When the Port of Felixstowe was given planning permission for the expansion of Landguard Terminal (Felixstowe South, Berths 8 & 9) a condition was they dualled the railway between Trimley and Levington. The recession of 2008 delayed the expansion of the port and the work on the railway didn't start as expected.
Over the last two years, however, work at the port has been taking place; a new quay has been built and ULCVs* have been bringing containers from the Far East. This work is continuing and Berth 8 can now handle two ULCVs simultaneously.
Two further developments have taken place since the original 106 agreement (Planning Condition) was imposed. Firstly, the so-called Bacon Curve** - which in the early years of the 21st century was ‘undeliverable' - has been built and is operational. Trains can now run from Felixstowe straight through to Haughley junction, Peterborough and beyond.
Secondly, it has become apparent that with the increased traffic (now 31 container trains each day - in each direction) the bottleneck is the Westerfield junction. The single track Felixstowe line branching off the double track of the East Suffolk Line means freight trains bound for the port are held on the East Suffolk Line delaying passenger trains bound for Lowestoft. The Port of Felixstowe has applied, quite reasonably, for changes to the original 106 agreement in order to spend the money earmarked in a more effective way:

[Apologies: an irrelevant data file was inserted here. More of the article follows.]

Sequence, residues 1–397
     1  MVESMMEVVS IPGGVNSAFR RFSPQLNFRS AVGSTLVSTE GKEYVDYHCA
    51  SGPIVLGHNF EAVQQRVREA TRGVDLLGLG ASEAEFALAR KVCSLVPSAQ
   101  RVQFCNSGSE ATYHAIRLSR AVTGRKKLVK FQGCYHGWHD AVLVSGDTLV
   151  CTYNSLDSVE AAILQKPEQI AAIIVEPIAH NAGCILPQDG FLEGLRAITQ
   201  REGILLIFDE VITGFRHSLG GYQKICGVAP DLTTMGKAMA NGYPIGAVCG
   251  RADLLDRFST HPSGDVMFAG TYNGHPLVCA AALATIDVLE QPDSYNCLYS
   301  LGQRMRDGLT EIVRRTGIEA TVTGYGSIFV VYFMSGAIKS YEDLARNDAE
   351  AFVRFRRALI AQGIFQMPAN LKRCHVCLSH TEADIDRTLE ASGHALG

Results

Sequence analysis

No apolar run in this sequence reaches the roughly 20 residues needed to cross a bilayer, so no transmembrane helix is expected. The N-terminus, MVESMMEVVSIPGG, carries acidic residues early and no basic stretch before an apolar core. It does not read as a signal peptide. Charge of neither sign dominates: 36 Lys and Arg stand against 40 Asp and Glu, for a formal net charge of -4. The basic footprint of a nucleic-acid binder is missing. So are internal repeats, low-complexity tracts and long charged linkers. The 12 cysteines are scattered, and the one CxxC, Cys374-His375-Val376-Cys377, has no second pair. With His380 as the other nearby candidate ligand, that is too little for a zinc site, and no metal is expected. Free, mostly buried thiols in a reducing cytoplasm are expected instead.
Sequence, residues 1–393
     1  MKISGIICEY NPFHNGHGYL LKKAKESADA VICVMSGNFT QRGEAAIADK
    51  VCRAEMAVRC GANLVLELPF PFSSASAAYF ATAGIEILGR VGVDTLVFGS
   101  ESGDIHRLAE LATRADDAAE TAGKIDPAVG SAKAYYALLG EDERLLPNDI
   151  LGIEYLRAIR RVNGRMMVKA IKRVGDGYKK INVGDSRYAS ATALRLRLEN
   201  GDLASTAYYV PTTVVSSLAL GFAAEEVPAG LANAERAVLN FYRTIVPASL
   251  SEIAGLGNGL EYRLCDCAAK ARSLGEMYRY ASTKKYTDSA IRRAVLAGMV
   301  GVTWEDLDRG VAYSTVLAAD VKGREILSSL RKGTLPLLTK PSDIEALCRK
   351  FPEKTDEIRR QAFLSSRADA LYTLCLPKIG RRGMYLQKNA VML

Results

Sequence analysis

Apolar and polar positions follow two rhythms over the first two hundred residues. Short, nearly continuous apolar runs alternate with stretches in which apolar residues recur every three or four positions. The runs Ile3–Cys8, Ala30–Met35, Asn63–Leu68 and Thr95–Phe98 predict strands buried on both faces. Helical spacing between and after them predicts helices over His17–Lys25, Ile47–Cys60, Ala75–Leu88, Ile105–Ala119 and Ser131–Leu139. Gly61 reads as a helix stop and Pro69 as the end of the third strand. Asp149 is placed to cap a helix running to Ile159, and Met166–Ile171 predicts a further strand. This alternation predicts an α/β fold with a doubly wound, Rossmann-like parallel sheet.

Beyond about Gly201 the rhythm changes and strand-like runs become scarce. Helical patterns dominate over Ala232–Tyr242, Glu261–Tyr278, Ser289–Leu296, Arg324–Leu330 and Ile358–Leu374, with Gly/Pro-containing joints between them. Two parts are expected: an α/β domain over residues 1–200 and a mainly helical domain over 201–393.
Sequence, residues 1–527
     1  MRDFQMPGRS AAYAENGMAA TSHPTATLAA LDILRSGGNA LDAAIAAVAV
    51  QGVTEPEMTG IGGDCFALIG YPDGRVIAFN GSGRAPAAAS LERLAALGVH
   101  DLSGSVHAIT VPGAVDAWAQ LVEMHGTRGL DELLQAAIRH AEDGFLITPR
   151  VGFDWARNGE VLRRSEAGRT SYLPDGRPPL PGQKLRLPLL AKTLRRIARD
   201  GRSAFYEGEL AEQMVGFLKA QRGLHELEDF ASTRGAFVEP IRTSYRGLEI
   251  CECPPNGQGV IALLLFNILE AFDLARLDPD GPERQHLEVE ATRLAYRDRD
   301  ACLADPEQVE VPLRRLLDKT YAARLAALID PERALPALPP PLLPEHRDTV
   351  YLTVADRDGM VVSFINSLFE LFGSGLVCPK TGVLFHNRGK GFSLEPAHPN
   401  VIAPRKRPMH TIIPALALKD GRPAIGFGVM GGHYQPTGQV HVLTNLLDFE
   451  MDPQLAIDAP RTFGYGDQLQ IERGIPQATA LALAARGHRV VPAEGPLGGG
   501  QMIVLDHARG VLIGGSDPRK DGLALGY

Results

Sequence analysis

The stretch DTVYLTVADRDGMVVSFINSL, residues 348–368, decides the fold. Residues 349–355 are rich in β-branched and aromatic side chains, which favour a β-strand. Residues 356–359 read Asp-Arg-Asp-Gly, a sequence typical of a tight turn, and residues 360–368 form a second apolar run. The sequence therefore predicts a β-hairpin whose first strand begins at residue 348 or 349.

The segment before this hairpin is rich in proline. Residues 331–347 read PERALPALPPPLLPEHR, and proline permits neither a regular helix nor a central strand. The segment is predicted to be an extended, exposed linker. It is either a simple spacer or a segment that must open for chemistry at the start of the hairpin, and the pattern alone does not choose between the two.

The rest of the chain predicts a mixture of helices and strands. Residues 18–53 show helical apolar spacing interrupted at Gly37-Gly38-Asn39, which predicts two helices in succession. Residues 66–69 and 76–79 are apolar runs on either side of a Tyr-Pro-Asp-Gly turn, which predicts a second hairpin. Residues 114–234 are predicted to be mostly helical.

i) to extend the port's Northern Feed Line which joins the Felixstowe main line at Trimley Station, effectively dualling the track as far as Keepers Lane Crossing, (i.e. creating a passing loop).
ii) to create a passing loop on the site of the original Orwell Station, (there was a passing loop here when the railway was first constructed; private trains could wait at the station for Colonel George Tomline to arrive from his nearby mansion, Orwell Park (today, the public school), whilst trains to or from Felixstowe ran through).
iii) to reorganise the junction at Westerfield to create a length of double track as far as Tuddenham Road bridge, a passing loop on which freight trains can wait without blocking the Lowestoft line.
To complete this third option it was originally planned to move Westerfield Station to the west side of the level crossing: a new station for Ipswich Garden Suburb. The engineers have, however, overcome the design restrictions, the minimum curve and the loading gauge width requirements to incorporate the new track without moving the station. Ipswich planners and the Ipswich Society are disappointed. Network Rail describes the ongoing redesign as ‘descoping'; we simply despair. How do we explain to our children that we built an estate of 3,500 houses with a railway running through the middle but without passenger trains stopping?
And don't hold your breath; this work is scheduled to take place over the next ten years.
*Ultra Large Container Vessels, ships carrying 18,000 or more TEUs (Twenty foot Equivalent Units).
**The Bacon Curve (‘The Bacon Factory Curve', ‘The Ipswich Chord') is so called because it crosses the site of the old Harris Bacon Factory site in Hadleigh Road. A new short length of line allows west-bound trains from Felixstowe to join the London-Norwich line in a northerly direction.